(not to be mistaken for the one by O'Donoghue, which is meant for classrooms)

    His large article Mythology and Mythography in that title is one of the best ever written in the field, and is a brilliant survey of much of the important literature up to its time. It also has a full bibliography to 1984. But, one should first read the standard introduction to Norse mythology:

    Myth and Religion of the North, by E.O.G. Turville-Petre

    One must know this book before anything else. Also beware of the fact that Turville-Petre's style seems to be to offer a variety of opinions of certain figures spread out over different sections. He has at least three or four opinions and estimations of Thór.



    Quote Originally Posted by Siegfried
    What sources would you recommend, Bennet? Do you have an opinion on the work of H.R. Ellis Davidson?

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    Post Re: The Value of the Lokasenna

    I think the Lokasenna is actually a clever text. At first sight it seems perhaps as an attempt to ridicule the Aesir, by having Loki uninvited to a feast at Aegir's Hall force his way in and in their own hall he insults them and thus undermines them.
    Witht he coming and rise of Christianity and the threat that had on the Ancient Ways then a cryptic text like Lokasenna that would at first sight seem like an unserious and comical text but with closer scrutiny would be quite revealing would be important in preserving that knowledge. Wether it was for this purpose or not i dont know.

    Take for example Loki's insult to Odin v22

    "Be silent, Odin, you never know ho to
    apportion honour in war among men;
    often you've given what you should'nt have given,
    victory, to the faint-hearted."

    This looks like Loki is insulting Odin by saying that sometimes he lets the weakest in battle win, the "faint-hearted" and the best or strongest lose. For a God of War he is quite useless.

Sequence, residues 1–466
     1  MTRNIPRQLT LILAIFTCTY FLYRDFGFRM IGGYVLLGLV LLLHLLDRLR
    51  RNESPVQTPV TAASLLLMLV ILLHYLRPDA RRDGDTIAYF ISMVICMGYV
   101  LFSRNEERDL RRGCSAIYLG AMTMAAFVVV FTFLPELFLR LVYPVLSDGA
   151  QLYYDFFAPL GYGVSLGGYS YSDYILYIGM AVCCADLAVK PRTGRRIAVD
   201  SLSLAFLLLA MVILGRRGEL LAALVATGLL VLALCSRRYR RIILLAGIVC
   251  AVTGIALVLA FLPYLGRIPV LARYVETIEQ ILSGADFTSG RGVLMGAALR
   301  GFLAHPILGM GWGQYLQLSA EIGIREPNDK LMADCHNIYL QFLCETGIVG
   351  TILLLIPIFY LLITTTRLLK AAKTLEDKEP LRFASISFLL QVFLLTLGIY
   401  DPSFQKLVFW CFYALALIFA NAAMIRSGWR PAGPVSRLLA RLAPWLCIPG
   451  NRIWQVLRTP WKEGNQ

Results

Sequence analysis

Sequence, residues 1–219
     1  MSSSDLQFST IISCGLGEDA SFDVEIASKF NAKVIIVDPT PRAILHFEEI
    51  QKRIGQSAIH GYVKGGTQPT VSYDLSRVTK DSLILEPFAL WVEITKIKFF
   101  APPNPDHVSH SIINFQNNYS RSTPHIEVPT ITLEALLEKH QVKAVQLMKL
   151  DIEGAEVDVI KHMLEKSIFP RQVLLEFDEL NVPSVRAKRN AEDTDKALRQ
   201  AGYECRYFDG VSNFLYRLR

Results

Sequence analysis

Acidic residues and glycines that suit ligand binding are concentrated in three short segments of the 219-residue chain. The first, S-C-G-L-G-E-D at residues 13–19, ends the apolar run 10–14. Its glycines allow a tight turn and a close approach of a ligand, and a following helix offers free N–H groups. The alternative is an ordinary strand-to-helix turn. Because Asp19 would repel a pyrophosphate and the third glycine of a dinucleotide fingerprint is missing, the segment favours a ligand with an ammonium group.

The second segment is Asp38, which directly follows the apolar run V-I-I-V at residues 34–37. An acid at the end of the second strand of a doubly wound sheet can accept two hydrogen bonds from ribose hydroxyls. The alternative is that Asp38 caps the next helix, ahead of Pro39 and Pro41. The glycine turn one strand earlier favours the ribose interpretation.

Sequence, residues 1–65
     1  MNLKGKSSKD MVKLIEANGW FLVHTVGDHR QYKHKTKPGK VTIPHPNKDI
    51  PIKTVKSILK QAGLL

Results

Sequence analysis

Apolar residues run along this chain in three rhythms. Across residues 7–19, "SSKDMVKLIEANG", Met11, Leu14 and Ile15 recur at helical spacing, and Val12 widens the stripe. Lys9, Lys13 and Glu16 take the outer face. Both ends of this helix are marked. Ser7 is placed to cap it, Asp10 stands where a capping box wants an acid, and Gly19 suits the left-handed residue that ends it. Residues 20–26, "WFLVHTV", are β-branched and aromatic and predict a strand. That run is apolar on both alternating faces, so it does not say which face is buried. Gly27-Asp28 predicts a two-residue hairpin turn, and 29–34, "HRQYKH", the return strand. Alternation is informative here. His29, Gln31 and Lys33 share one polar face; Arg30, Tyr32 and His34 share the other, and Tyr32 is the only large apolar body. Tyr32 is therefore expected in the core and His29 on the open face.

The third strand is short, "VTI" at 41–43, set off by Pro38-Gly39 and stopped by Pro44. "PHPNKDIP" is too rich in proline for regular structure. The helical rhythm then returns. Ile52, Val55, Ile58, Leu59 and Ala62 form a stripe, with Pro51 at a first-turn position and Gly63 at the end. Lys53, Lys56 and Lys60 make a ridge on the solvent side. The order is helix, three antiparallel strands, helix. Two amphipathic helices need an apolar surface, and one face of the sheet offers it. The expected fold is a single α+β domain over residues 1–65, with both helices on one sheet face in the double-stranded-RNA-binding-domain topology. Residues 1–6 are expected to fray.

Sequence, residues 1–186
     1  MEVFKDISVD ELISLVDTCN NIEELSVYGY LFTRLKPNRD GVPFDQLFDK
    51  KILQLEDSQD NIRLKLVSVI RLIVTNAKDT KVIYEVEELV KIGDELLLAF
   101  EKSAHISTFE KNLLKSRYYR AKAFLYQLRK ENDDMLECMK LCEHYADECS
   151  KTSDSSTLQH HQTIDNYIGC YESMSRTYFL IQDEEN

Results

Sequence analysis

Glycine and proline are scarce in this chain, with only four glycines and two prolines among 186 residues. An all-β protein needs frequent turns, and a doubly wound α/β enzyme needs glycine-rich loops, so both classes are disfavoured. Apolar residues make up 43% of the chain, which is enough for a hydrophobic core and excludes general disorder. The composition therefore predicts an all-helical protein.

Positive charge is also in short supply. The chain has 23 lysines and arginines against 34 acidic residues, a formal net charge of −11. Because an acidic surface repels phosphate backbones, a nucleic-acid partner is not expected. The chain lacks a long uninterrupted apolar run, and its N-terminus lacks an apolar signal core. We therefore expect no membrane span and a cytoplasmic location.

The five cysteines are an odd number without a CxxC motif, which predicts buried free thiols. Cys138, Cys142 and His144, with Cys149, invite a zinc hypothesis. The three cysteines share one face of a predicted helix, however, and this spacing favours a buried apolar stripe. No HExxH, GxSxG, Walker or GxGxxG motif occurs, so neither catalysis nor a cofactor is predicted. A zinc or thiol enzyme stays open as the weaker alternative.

However it is revealing because, well for me anyway, it can be interpreted that Odin, by letting the strongest lose and die in battle, would have his halls Valhalla, populated with his favourites and the best fighters amongst men. It shows that Odin is much more interested in keeping Valhalla full of great warriors for the coming of Ragnarock than the petty minor scuffles of Men.
    Great men may lose in battle but it will because Odin wants them to join him for such a great cause as the preparation for Ragnarock.
    So is it really a ridicule of Odin?

    It is only when Thor returns and threatens Loki with his hammer does Loki leave and thus showing Loki's wimpish and mischevious character and at the end the only one really humiliated is Loki.

    "I spoke before the Aesir, I spoke befpre the sons of the Aesir,
    what my spirit urged me,
    but before you alone I shall go out,
    for i know that you do strike."
    A! Fredome is a noble thing
    Fredome mays man to haiff liking.
    Fredome all solace to man giffis,
    He levys at es that frely levys.
    A noble hart may haiff nane es
    Na ellys nocht that may him ples
    Gyff fredome failyhe, for fre liking
    Is yharnyt our all other thing.
    Na he that ay has levyt fre
    May nocht knaw weill the propyrte
    The angyr na the wrechyt dome
    That is couplyt to foule thyrldome,
    Bot gyff he had assayit it.
    Than all perquer he suld it wyt,
    And suld think fredome mar to prys
    Than all the gold in warld that is.
    Thus contrar thingis evermar
    Discoveryngis off the tother ar,


    Scots is our mither tung; an gin we dinna hain it,
    thare naebody gaun tae hain it for us.


    Scots is our mother tongue; and if we do not preserve it,
    nobody will preserve it for us.